The internet has become the world’s most important resource for news. It has overtaken press groups and stock libraries to become the go-to destination for anyone wishing to know anything. Seconds after a world changing event, tweeted pictures and live streams bounce around the globe at the speed of fibre optic and nothing and no one is sacred.
Information Utopia at last? …if only
The problem with this sudden availability of info is that it doesn’t serve those who seek to control the flow of news and those who have this power have a hidden ace… namely us.
The media only needs to let us poison our well and the sudden powerful access we currently share will be worthless… in short, we need to stop sharing crap.
I am writing this article because of the sheer volume of spin, nonsense and disinformation I have come across on the internet recently and we really need to sort out how we are using our new super power.
So how do you spot a fake news story?
The answer is surprisingly simple and here are some tips to prevent the flow of crud.
1. Google it – Yep crazy as it sounds typing the baby eating story into Google is often enough to separate the fact from the fiction. For deeper analysis use Snopes and hoaxslayer too.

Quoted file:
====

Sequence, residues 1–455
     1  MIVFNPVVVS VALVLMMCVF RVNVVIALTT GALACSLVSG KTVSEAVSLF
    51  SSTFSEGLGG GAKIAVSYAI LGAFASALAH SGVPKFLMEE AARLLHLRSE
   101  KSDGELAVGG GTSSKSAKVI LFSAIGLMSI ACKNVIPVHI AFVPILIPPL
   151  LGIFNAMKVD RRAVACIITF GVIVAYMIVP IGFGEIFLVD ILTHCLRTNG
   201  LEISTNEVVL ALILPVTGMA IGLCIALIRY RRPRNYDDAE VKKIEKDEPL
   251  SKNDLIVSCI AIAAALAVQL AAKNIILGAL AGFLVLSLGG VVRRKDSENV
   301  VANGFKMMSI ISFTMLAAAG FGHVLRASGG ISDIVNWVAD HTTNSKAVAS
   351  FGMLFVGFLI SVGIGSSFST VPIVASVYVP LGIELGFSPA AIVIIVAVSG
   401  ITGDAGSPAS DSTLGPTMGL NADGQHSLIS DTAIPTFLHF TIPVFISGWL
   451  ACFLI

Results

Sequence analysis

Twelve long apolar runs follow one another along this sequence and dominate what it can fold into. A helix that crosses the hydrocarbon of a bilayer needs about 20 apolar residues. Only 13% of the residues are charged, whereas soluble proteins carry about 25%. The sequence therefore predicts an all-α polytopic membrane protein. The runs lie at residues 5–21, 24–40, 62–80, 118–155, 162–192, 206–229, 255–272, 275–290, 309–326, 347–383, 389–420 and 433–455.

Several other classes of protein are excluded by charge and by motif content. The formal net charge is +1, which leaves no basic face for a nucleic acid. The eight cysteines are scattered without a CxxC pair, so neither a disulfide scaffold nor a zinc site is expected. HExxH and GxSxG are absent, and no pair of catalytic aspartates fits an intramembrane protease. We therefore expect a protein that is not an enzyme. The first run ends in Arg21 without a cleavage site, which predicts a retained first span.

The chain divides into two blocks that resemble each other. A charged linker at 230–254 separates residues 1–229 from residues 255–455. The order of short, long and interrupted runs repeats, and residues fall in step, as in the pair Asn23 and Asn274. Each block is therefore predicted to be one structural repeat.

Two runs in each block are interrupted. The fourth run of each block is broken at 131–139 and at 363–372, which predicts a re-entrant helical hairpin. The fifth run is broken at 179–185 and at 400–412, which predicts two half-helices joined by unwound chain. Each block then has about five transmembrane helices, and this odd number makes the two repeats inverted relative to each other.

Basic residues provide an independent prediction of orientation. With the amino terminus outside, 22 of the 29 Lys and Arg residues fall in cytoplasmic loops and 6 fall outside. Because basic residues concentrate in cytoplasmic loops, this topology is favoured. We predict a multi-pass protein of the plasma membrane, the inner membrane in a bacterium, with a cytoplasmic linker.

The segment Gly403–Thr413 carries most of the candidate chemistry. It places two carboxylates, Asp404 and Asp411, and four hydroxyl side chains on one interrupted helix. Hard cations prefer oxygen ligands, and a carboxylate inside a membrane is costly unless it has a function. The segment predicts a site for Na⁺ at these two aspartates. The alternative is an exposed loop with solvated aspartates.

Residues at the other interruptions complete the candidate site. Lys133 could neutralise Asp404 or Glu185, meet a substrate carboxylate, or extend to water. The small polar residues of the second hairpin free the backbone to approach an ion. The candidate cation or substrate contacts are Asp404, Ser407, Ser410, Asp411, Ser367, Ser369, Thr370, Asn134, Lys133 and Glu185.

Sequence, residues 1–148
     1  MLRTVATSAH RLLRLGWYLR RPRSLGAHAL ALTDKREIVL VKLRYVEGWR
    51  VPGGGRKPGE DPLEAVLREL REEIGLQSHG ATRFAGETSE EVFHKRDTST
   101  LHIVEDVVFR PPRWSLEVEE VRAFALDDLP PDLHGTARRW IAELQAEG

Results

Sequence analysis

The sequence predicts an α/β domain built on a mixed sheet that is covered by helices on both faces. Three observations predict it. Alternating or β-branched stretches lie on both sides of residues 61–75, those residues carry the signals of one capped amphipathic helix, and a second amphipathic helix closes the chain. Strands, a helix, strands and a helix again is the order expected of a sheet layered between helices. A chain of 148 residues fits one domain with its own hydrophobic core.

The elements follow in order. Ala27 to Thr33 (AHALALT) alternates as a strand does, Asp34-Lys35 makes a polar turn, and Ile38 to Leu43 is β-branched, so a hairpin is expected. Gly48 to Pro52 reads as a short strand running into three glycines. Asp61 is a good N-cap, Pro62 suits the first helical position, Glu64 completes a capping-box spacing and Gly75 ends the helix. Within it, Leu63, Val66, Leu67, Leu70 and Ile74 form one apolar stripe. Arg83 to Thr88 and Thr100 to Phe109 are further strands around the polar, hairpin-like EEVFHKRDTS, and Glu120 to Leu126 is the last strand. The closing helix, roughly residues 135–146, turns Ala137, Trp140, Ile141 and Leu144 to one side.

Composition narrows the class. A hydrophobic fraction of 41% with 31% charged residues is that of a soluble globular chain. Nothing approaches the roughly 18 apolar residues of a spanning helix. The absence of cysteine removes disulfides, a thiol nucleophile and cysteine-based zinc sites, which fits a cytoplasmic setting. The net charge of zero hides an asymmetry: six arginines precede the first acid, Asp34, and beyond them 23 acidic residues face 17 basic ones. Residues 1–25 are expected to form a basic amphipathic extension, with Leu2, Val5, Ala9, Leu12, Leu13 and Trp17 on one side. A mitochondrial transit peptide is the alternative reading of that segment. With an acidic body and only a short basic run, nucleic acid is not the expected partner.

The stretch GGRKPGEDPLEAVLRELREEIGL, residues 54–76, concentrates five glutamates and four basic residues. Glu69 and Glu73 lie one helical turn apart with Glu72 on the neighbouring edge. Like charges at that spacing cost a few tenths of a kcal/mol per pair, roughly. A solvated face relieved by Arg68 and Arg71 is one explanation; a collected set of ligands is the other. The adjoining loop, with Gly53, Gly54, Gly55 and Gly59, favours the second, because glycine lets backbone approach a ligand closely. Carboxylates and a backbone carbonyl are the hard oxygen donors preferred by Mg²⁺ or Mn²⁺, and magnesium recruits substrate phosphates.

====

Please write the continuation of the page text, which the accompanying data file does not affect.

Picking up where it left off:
2. Check the date – This year I’ve seen pictures from the 1960’s Woodstock festival masquerading as peaceful pipeline protests in Aug 2016 and four-year-old war reports from Syria pretending to be tales from the front line. Human beings have been around for a long time and if you look hard enough you can find an image or a headline to fit pretty much any idea.
3. The devil is in the details – Beware of sensational headlines with vague details. If atrocities occur at least allow the victims to be remembered. Don’t fall for ‘a man from a village was eaten by ISIS.’ People like Donald Trump need people to be scared of ISIS and by spreading these awful tales you are only helping him and others like him. When terrible things happen records will exist. Name, age and location or it probably didn’t happen.
4. Check the source – This can be tricky for a number of reasons. For one it’s very easy for anyone to own a domain name and put up a slick looking news site and secondly, the state of the UK press means they are capable of just about anything. As a rule, crossreference the story. It’s unlikely that everyone bought it, so even if the BBC was daft enough to share it, Channel four or Reuters might have had some reservation.
5. Use your commonsense – We all have a built in bulls*it detector. If something is worrying you about a story, go with your gut and apply tips 1-4 until you discover the truth.
That’s it, go tell the world… the truth
*pic above creative commons